A poetic and appropriate legacy

Source: gunster.com

After a tough week saying goodbye to my stepfather, I returned home today. It is hard for me to believe that just two weeks ago we were returning with my youngest son from our fun-filled adventure in N. California and S. Oregon.

Now that I am back in Michigan, it will be time to get back into the swing of things and the daily routine. I guess that is therapeutic is some small way, but time is usually the best healer that I know of.

The legacy my stepfather leaves behind can best be summed up by the poem he had read at his funeral. It is entitled “Miss me, but let me go,” by Edgar A. Guest.

“When I come to the end of the road

And the sun has set for me

I want no rites in a gloom-filled room.

Why cry for a soul set free?

Miss me a little–but not too long

And not with your head bowed low.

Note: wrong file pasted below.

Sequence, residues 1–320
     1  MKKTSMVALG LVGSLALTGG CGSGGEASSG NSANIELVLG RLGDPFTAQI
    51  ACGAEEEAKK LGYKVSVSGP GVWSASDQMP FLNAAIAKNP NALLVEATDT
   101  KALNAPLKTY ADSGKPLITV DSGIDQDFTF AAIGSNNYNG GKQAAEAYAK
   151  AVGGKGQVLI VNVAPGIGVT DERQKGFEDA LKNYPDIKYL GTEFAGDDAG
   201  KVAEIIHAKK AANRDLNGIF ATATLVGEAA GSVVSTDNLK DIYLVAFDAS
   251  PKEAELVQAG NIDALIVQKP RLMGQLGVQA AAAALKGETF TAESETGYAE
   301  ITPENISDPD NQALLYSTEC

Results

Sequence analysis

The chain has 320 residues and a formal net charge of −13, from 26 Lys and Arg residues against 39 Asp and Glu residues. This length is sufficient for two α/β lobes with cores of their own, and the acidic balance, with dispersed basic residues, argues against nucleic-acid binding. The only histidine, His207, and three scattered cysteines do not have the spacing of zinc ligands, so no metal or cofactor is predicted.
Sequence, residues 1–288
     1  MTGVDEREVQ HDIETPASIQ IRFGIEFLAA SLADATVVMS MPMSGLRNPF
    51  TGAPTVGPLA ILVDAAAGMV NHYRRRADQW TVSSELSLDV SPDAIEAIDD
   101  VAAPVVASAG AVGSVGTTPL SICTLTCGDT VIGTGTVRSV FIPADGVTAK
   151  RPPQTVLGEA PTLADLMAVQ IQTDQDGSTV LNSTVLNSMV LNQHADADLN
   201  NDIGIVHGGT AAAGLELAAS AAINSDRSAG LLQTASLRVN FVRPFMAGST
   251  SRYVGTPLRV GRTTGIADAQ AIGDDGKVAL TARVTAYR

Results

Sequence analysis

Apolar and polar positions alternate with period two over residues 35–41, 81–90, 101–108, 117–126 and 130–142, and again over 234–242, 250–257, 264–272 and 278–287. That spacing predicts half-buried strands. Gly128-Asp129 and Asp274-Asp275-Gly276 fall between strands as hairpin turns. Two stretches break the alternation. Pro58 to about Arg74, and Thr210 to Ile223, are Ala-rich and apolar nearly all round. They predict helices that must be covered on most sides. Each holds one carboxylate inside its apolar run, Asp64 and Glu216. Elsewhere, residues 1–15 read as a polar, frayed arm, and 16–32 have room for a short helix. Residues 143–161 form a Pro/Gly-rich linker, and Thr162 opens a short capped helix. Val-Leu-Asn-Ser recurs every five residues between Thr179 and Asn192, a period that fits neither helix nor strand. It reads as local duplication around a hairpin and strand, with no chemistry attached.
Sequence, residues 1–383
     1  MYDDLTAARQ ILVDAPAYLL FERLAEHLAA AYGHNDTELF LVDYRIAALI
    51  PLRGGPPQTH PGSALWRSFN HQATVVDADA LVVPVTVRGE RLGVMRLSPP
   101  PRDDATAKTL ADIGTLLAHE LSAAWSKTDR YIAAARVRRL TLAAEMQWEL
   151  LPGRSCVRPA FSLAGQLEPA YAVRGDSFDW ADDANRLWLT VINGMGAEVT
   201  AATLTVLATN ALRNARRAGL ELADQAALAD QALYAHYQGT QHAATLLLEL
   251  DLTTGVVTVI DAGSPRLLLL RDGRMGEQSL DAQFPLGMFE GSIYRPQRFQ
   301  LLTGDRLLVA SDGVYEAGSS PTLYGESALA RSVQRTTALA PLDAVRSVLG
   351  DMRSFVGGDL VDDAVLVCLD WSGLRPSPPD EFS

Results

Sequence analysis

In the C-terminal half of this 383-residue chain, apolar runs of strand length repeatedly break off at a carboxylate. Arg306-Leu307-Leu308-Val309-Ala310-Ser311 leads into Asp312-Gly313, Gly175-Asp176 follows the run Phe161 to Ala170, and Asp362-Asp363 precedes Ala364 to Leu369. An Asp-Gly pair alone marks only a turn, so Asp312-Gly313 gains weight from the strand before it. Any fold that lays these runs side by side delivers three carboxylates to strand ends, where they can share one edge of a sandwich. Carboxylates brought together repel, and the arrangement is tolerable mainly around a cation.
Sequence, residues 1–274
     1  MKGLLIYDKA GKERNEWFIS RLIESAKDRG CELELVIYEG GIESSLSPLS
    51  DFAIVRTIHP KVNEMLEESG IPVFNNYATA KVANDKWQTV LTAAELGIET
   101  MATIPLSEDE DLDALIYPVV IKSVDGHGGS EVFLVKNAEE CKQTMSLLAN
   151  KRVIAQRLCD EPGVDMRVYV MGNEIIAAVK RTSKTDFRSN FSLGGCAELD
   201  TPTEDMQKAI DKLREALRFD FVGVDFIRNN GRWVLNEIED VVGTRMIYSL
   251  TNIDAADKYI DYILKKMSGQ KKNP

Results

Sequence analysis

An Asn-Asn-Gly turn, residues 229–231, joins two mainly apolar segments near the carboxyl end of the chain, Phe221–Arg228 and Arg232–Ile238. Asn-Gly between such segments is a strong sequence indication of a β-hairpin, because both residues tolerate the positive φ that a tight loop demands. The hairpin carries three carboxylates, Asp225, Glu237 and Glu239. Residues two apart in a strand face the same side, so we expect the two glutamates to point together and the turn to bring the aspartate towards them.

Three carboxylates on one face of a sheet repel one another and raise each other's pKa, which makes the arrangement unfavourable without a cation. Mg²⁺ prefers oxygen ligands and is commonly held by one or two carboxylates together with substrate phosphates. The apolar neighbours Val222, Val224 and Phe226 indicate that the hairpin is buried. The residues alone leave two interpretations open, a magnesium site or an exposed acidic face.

Remember the love that we once shared,

Miss me–but let me go.

For this is a journey that we all must take

And each must go alone.

It’s all a part of the Master’s plan,

A step on the road to home.

When you are lonely and sick of heart

Go to the friends we know

And bury your sorrows in doing good deeds. 

Miss Me–But Let me Go!”

In particular, the next to last line of the poem is spot on. My stepfather was the epitome of a giving and caring person. He started a private foundation in the 1990s that now helps fund important social services in Indiana and Oregon.

No other person (or religion) on this planet has better taught me the true spirit of selfless giving. That indeed is a legacy we should all strive for – being remembered for our kind and giving nature by practicing the adage of it always being better to give than it is to receive in our daily lives.

This entry was posted in admin, charities, Communications, culture, diversity, family, health, history, homelessness, humanity, inclusiveness, Love, Poem, volunteerism, writing and tagged , , , . Bookmark the permalink.

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